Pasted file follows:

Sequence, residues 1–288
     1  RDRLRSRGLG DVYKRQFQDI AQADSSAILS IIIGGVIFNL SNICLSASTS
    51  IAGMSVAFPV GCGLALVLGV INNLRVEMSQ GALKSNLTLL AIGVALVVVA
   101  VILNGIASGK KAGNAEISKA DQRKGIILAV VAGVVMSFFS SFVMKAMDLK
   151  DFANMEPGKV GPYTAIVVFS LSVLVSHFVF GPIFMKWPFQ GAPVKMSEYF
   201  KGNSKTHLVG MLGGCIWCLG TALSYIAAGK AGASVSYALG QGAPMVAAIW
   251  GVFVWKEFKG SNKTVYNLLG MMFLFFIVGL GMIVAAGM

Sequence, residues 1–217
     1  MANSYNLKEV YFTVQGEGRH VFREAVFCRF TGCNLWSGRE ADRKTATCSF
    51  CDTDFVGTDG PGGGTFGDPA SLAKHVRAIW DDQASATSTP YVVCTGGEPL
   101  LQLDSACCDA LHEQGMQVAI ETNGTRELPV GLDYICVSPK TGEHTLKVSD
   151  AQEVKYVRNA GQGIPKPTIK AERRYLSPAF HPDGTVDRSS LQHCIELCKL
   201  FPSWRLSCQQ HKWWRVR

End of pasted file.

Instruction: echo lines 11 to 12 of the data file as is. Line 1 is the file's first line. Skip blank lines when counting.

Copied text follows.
   101  LQLDSACCDA LHEQGMQVAI ETNGTRELPV GLDYICVSPK TGEHTLKVSD
   151  AQEVKYVRNA GQGIPKPTIK AERRYLSPAF HPDGTVDRSS LQHCIELCKL